Prepping And The Law Of Diminishing Returns

2 Jun

Can you over-prepare for something? Yes. As preppers, we know we should stockpile a certain amount of food. How much? We know we should learn to defend ourselves. How much time should we spend on that? When we over-prepare in one area, we risk neglecting other important things.

Look at fire safety. Fires are a bigger threat to most of us than a complete breakdown of society. It’s only prudent to install smoke detectors in our home. We can add one in every hall outside of bedrooms. We can have one on every level. That’s about what most people do, if that.

We can go further. We learn that smoke detectors sometimes don’t work, so we install two everywhere. We test ours. We learn about the different types of smoke detectors and how some are better at detecting a smoldering fire. We discover that where smoke detectors are placed is important. Placing a smoke detector where the air is “dead” and doesn’t circulate might delay our warning. Knowing these things is good.

A small fire could be extinguished with a fire extinguisher. Keeping one of those near the kitchen, in the garage, and in our workshop is a good idea. Our preps are clearly not over-the-top.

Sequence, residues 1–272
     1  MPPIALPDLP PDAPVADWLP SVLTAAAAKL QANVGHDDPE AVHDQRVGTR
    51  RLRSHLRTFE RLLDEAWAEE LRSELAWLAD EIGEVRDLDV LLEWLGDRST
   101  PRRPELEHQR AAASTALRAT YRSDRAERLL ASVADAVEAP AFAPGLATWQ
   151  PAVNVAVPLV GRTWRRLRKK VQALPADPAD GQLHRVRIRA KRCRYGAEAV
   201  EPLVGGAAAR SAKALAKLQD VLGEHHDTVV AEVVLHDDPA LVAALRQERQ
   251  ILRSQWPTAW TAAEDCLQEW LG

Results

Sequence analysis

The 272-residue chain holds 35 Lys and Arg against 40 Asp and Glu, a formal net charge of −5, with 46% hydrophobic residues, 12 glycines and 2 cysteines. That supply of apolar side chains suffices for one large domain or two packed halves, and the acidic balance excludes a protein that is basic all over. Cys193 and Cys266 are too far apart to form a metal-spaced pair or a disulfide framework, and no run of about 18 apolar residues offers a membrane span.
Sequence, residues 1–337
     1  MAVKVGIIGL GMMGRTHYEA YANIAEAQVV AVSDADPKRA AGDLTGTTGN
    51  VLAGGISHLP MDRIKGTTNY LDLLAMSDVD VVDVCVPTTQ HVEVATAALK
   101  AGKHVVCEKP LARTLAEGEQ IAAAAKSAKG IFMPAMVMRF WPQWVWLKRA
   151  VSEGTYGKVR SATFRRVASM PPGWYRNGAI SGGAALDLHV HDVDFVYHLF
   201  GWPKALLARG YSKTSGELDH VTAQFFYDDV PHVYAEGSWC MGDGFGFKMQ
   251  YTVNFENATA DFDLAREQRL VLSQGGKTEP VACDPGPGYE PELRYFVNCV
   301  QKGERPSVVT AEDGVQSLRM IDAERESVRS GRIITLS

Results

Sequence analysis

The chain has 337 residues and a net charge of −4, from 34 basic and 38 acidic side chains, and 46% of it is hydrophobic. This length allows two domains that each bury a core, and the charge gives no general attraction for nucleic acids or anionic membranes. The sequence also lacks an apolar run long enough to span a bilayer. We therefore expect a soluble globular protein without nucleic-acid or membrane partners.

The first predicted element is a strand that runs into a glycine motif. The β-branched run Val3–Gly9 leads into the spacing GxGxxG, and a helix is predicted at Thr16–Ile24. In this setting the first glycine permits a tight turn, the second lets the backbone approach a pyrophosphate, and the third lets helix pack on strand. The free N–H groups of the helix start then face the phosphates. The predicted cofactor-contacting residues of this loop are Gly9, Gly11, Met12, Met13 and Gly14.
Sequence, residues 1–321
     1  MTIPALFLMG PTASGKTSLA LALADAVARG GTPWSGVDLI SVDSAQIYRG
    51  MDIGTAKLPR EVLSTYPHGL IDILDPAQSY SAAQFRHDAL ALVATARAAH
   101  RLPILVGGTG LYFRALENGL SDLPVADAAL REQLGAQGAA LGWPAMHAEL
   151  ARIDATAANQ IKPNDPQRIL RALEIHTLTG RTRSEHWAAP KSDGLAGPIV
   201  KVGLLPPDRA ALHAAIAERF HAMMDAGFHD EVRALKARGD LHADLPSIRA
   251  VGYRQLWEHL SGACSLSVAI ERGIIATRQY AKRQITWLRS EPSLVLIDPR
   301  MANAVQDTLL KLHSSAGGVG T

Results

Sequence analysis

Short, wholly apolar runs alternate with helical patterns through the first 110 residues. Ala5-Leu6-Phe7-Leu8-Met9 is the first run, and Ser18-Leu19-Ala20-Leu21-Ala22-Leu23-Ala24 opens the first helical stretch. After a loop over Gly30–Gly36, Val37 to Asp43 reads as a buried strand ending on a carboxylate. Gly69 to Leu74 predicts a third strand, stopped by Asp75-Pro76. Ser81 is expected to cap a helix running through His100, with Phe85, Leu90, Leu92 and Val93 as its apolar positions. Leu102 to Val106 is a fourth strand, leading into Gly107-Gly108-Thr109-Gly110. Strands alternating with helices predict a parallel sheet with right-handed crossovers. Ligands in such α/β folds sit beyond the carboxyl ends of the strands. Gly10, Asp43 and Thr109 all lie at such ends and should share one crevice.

But, we can always do more. We worry about being trapped in the basement or second story during a fire. We install an egress window in the basement. We add a portable escape ladder to the second floor. Maybe, we get some fire escape masks.

To test our preps, we run a fire drill. So far, so good. But, what if we start running a fire drill every week? Or every day? What if we decide we need to change out all our basement windows to egress? What if we decide we must have a portable escape ladder for every upstairs window? At some point, others will look at our preps and say we’re a bit obsessed with fire safety. And they might be right.

How do we know when we’re over preparing?  CP

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